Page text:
the funding advantage
Franchisors generally welcome applications from potential franchisees with a corporate or service background. They have developed skills, valuable experience and often have the necessary access to capital in the form of super or redundancy payouts, or equity in property.
In turn, a specialist franchise banker will welcome such people and be able to support their investment in proven franchise systems with lending, transactional and personal banking solutions which are tailored for the specific industry and brand.
Combining customers who have experience and substance with a proven franchise system also means that a bank which understands the key performance indicators of the brand would be much more likely to provide additional funding. This not only means you require less equity, but could also enable you to afford a much larger business than when setting up as an independent in the same industry – something that may require 100 percent security. It’s therefore worth talking to a specialist franchise banker and accountant about the possibilities.
People who come from corporate or services backgrounds often make good franchisees. They know how to work with established systems, have experience which, even if not in that industry is still relevant and transferrable, and like structures that are proven. A good franchise system provides the support structures lacking in independent small businesses, such as management information systems. This is also helpful because banks like getting timely, good quality financial information, making getting funding a lot easier.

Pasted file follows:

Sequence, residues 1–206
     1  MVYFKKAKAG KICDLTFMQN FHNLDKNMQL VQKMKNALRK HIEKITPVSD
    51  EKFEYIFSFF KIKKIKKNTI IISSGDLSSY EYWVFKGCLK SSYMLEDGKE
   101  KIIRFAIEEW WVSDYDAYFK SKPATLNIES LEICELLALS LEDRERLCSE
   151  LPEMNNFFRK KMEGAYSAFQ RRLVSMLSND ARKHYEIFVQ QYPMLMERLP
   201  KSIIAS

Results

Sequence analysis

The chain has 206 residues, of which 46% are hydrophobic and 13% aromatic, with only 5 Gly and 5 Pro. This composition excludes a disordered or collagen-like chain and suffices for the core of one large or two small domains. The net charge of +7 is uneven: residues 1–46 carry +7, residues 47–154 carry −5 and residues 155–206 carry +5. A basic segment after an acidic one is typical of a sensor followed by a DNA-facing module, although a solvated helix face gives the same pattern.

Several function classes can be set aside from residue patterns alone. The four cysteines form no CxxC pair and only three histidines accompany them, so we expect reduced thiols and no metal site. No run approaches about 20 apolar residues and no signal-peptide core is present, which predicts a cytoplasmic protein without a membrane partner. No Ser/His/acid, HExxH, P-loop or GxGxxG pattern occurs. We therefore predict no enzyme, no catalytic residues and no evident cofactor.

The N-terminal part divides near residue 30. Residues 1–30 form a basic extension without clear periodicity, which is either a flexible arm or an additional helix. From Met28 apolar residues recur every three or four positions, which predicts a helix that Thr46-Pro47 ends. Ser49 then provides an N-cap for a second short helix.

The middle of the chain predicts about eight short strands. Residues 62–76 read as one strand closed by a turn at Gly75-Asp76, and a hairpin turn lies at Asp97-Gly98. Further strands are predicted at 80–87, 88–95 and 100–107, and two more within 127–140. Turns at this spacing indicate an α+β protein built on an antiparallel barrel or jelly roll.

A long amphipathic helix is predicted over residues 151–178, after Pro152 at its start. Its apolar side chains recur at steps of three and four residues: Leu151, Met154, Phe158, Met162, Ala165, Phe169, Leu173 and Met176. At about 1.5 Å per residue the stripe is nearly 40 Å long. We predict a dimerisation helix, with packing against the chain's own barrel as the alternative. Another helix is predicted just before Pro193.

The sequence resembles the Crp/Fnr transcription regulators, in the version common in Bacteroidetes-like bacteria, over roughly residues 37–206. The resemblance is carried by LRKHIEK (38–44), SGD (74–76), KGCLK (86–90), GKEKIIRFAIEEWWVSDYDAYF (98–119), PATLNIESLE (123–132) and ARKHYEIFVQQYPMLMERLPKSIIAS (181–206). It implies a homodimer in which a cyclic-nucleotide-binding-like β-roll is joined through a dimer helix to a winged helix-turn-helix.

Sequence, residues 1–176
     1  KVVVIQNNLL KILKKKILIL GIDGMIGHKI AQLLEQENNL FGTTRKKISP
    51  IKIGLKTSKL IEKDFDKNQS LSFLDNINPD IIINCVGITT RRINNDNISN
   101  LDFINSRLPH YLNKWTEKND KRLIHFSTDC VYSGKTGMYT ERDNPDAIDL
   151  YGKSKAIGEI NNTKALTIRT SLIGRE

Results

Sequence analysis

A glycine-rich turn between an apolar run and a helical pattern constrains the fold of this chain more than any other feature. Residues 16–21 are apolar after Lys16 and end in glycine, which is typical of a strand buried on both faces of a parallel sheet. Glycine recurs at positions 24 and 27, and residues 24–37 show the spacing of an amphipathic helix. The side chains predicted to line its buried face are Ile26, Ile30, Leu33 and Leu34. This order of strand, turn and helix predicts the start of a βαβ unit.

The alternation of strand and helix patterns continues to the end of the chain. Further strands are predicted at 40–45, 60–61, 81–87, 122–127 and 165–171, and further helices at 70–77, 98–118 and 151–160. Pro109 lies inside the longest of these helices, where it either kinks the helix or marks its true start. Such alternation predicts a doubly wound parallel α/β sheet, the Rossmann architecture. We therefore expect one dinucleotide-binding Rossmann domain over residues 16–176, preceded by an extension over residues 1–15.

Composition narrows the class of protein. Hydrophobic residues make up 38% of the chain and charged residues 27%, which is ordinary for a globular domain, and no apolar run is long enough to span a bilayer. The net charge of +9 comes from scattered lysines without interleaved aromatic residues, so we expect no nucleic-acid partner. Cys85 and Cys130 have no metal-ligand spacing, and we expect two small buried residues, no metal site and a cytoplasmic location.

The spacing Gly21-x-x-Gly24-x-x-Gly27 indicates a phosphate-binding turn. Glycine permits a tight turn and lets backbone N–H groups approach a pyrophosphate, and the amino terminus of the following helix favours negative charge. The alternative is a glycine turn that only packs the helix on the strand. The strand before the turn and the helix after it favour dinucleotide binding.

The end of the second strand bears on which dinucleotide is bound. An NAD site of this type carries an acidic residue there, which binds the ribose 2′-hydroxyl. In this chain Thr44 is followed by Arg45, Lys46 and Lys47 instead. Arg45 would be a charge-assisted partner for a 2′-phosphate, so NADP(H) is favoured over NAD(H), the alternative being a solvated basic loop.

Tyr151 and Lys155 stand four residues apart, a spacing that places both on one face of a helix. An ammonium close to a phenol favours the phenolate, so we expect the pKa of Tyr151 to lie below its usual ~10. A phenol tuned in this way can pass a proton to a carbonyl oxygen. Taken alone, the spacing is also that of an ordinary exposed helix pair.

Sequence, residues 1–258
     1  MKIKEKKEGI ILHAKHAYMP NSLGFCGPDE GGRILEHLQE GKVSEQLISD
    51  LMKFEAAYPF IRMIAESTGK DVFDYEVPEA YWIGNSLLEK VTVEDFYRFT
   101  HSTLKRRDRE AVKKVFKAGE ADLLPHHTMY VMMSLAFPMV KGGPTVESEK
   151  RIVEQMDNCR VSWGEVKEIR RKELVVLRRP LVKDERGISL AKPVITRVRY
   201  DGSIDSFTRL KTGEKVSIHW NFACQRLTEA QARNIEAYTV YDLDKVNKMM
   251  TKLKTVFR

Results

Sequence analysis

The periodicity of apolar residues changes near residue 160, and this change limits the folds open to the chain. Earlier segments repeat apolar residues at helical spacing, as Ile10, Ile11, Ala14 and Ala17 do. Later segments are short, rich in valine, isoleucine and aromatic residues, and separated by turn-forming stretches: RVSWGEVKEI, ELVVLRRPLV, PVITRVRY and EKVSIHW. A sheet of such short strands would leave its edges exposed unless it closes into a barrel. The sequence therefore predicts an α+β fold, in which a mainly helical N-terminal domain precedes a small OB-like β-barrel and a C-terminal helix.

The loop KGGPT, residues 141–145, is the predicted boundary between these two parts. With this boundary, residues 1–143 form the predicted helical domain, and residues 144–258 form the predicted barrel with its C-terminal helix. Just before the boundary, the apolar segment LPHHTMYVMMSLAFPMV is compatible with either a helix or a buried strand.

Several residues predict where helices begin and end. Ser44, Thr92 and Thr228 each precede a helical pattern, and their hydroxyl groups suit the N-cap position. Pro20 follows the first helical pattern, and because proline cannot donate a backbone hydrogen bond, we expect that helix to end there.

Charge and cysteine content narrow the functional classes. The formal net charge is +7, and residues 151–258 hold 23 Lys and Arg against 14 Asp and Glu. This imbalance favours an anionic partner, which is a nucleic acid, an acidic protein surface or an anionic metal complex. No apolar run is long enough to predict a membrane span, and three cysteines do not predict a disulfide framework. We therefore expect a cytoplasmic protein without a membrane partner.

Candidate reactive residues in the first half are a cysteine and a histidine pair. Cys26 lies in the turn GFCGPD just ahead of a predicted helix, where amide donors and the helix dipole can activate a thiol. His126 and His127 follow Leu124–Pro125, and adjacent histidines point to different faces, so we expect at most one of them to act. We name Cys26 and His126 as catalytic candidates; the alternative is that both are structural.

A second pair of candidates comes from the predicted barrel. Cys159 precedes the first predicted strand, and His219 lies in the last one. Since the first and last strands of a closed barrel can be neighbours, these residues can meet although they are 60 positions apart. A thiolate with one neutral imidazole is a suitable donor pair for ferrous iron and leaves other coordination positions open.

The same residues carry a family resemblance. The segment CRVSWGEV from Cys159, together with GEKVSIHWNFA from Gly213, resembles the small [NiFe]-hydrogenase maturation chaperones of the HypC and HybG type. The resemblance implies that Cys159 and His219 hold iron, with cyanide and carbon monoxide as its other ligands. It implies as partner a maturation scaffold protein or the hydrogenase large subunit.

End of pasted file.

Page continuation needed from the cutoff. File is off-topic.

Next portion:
A word of warning for those changing careers after restructuring or resettlement, though. We sometimes find that when people have had a large payout, for whatever reason, they tend to spend it on the first good idea that comes around – whether it is the right fit for them or not. If you like the industry and the business concept, then, take your time to research it thoroughly. Get information from the franchise itself, do proper due diligence and talk to other franchisees. Finally, be prepared to pay for advisors like specialist franchise accountants and lawyers that know the sector. Approach it like the professional you are if you want to make sure you are investing in a successful, profitable concept.
The information contained in this article is intended as a guide only and is not intended as an exhaustive list of matters to be considered. Persons entering into franchise agreements should seek their own professional legal, accounting and other advice.